Vivaldi vs Chrome, compared!


In the history of the internet, there has always been the battles of the web browsers, which is continuously evolving, as the world is adapting to new technology, etc. In this article, we will compare two famous web browsers, one of them, you probably haven’t heard of.


Introducing Vivaldi!

Vivaldi is one of those unheard of pieces of software, that could totally compete with most of the mainstream software today. Partly built on Chrome, Vivaldi is a close source, yet hackable web browser with many features ahead of its time. It aims to revive the original Opera web browser, including features like Speed Dial. It also includes features that Microsoft Edge was supposed to implement, way earlier, such as web page annotation. Some notable features that Vivaldi has, that others do not, is its stack bar, which is equivalent of the sandwich menu bar in Chrome, Firefox, and Internet Explorer. It allows you to open pages, side to side, and many other cool things, such as add bookmarks, shortcuts, etc.



As you can see, I have simultaneously opened The Google and Debian project home pages. I had Google as one of my shortcuts located, on the left pane. One problem though, is the fact that you can’t go back a page, or create a tab out of it.

Another cool features, is the web page transfer indicator, which is located next to the website URL field while loading.




And for those of you who love plugins, rejoice, cuz Vivaldi allows you to install BOTH Firefox and Chrome plugins.


As for the performance of web pages, Vivaldi has a very low CPU and memory usage footprint, making it very usable on old computers.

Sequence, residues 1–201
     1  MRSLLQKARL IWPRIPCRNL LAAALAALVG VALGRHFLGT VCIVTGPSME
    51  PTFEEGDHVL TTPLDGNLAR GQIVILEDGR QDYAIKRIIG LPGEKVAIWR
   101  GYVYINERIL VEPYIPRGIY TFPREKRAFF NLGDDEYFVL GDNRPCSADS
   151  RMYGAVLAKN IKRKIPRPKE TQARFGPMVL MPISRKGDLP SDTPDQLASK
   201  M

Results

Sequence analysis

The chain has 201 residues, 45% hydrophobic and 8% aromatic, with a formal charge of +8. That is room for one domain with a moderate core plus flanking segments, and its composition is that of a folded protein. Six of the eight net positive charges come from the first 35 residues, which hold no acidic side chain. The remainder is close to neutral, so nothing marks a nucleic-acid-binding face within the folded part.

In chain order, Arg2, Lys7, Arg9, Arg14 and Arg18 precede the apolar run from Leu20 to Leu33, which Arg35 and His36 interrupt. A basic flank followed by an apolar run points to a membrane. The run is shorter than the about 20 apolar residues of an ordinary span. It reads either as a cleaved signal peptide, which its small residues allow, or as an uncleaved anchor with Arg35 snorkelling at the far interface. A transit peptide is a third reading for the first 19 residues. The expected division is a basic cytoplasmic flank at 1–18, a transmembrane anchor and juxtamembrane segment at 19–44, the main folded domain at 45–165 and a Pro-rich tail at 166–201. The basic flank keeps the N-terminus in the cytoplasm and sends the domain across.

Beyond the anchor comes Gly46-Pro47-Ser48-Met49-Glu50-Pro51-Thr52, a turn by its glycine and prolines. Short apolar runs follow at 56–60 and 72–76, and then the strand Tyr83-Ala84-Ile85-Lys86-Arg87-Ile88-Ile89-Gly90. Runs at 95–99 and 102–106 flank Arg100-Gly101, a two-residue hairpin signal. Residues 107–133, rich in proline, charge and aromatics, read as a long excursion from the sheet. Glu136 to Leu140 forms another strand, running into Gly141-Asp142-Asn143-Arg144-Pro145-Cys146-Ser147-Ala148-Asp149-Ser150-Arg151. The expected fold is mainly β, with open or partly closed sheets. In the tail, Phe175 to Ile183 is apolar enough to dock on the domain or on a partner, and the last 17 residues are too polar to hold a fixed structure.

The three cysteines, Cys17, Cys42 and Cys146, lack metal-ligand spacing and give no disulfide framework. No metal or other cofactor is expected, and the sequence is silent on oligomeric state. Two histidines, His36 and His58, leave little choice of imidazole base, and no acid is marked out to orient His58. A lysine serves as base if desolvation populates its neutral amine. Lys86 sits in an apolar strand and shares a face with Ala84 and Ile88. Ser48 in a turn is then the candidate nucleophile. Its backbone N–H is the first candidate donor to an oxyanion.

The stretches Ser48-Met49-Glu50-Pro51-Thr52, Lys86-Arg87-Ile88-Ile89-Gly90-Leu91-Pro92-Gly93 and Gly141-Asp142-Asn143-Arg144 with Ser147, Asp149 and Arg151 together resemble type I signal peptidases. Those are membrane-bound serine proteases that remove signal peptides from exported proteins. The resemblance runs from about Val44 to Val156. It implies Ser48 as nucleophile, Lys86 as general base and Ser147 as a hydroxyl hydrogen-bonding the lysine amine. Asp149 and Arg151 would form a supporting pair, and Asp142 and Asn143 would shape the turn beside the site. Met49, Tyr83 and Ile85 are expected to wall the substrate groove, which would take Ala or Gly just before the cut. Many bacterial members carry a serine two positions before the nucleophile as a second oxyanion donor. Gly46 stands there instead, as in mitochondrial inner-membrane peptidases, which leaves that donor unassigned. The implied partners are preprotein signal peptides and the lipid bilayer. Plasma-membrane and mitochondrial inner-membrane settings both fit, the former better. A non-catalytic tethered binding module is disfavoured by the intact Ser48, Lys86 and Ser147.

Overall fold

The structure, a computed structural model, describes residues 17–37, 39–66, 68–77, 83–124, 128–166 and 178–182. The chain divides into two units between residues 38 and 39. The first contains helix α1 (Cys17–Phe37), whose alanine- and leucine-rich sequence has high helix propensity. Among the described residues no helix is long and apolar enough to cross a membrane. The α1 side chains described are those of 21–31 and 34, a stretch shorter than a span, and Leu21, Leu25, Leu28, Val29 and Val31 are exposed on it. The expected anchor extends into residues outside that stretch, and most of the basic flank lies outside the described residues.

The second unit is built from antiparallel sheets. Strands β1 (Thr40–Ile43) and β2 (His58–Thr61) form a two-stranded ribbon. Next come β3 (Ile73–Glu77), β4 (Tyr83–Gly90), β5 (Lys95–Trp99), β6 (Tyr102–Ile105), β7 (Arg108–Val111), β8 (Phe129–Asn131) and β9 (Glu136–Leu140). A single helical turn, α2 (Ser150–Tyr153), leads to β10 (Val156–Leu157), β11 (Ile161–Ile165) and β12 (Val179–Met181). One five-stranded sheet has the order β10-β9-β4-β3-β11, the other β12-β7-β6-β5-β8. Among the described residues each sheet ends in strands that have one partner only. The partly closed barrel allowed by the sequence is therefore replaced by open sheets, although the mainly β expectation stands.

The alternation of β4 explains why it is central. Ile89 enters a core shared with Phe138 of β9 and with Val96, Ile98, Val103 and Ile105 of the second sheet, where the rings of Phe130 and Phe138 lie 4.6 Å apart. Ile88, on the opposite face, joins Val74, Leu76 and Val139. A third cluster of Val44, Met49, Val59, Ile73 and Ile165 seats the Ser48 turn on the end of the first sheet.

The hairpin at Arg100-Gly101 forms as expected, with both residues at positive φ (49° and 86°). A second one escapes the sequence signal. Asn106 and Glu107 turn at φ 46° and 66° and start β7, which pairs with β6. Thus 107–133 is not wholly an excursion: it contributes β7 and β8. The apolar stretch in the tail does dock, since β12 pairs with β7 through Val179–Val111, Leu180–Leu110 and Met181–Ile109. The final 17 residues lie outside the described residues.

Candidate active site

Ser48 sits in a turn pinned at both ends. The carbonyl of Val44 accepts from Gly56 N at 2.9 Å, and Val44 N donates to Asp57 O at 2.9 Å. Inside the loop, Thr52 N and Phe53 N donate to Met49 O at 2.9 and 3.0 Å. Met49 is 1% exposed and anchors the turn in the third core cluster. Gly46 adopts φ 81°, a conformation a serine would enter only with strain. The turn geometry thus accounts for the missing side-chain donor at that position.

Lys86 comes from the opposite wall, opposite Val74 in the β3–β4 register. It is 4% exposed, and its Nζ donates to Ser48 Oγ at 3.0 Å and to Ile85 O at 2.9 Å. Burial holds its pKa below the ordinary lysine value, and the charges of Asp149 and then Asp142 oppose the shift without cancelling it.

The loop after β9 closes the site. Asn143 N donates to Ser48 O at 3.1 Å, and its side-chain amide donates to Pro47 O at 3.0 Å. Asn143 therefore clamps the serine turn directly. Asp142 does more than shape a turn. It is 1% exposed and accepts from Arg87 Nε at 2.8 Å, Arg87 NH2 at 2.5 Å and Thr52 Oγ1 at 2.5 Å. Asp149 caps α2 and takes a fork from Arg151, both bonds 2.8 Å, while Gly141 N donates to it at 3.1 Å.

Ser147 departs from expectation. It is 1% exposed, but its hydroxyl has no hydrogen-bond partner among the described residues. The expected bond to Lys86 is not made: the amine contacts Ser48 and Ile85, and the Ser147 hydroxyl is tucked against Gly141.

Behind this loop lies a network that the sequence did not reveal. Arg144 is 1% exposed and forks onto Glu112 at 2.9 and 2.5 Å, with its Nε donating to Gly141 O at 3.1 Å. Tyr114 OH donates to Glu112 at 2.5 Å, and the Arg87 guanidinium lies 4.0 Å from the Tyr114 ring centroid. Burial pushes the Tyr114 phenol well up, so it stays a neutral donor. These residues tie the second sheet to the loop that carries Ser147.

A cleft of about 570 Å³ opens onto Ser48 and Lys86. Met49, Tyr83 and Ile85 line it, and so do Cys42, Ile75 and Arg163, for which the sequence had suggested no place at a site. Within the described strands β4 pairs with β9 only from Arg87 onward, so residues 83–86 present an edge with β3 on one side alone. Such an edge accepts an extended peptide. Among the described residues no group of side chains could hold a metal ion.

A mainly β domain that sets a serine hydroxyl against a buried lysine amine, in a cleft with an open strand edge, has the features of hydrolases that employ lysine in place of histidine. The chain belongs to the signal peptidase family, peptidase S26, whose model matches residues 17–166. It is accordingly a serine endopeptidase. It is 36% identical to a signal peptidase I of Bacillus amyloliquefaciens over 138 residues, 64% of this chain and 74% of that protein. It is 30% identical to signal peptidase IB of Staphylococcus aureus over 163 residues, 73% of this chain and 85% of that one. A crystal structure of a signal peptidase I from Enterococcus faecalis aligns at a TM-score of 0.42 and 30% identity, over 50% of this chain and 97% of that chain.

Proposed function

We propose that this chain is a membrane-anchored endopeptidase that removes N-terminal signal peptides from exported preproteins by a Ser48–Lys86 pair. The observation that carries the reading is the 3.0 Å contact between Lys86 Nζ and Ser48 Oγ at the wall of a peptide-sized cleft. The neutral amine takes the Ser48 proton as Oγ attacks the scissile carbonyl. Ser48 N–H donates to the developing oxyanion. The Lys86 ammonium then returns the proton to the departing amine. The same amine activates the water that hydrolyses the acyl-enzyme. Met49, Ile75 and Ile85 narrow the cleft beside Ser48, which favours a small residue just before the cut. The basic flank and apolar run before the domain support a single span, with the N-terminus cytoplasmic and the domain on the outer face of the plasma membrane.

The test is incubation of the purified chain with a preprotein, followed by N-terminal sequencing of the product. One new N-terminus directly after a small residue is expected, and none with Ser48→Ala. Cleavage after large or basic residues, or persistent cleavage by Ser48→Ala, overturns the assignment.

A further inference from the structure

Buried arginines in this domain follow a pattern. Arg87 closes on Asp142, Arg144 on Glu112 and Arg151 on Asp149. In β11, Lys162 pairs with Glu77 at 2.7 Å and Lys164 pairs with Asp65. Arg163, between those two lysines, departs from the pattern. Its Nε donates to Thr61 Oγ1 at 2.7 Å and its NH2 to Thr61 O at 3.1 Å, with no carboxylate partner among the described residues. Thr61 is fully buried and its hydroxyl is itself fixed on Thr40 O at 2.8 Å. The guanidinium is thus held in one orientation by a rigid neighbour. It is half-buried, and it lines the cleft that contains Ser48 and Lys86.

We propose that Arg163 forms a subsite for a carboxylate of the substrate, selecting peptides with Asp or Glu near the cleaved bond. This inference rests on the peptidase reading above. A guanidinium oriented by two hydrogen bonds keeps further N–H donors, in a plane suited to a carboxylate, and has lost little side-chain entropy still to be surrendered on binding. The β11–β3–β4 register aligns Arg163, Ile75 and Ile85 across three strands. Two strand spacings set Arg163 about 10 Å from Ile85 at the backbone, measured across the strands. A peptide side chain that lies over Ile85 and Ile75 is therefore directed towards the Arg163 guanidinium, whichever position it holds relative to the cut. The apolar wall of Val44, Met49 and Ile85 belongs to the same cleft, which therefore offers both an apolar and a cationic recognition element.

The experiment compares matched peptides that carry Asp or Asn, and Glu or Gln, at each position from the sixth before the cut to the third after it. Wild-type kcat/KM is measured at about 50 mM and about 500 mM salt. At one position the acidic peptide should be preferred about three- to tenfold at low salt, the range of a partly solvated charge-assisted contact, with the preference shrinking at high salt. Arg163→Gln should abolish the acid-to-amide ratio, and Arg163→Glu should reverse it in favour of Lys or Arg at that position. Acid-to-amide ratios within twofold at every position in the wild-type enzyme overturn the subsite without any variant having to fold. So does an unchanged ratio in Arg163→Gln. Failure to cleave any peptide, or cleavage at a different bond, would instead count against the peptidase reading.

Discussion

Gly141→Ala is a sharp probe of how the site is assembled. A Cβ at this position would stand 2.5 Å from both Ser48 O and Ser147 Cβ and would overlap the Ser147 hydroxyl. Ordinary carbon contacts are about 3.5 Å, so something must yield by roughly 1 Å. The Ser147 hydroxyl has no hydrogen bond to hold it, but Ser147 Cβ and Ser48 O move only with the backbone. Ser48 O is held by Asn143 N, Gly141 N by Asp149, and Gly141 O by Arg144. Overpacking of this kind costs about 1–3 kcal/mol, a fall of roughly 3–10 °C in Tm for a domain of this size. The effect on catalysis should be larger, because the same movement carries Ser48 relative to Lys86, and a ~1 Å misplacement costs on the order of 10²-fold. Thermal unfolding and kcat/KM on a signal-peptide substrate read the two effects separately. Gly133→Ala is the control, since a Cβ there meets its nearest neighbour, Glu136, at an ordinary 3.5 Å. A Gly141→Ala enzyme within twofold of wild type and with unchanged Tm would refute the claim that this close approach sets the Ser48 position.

Google Chrome

Google Chrome is one of the best known commercial browsers today. It has been standing in the #1 position for the last few years, and is known for its speed and usability.


Some really cool features including task managing, advanced plugin permissions, a sleek look, and not to mention it’s built in support for watching HTML5 Libcrypted films, from services such as Netflix. Google Chrome also has its rich settings manager which allows you to completely customize the browser.  On Windows 8 machines, Google Chrome allows you to switch into it’s metro app, or even the popular Chromebook desktop mode, which looks really great:




This allows a distraction free browsing mode, and also gives you the full Google experience. Google Chrome unfortunately does not work well on old computers, due to it’s large components. There are however, open source versions of Chrome available, such as Chromium, and The Chrome Canary project.


Vivaldi vs Chrome ? So, now it is up to you on what you will choose! Thanks for reading.


Troy Sweeney

Linux kernel contributor, C/Java programmer, hacktivist. Spends most of his time helping others stay up to current with technology, security, and end to end encryption, he also has an addiction to German pastries.

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